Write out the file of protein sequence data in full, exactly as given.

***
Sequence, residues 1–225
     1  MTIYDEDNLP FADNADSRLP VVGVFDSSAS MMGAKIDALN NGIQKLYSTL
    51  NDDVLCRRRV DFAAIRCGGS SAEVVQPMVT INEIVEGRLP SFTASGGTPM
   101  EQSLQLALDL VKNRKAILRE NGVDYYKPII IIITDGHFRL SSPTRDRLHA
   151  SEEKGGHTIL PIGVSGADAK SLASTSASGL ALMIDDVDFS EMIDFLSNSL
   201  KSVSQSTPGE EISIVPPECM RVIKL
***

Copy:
Sequence, residues 1–225
     1  MTIYDEDNLP FADNADSRLP VVGVFDSSAS MMGAKIDALN NGIQKLYSTL
    51  NDDVLCRRRV DFAAIRCGGS SAEVVQPMVT INEIVEGRLP SFTASGGTPM
   101  EQSLQLALDL VKNRKAILRE NGVDYYKPII IIITDGHFRL SSPTRDRLHA
   151  SEEKGGHTIL PIGVSGADAK SLASTSASGL ALMIDDVDFS EMIDFLSNSL
   201  KSVSQSTPGE EISIVPPECM RVIKL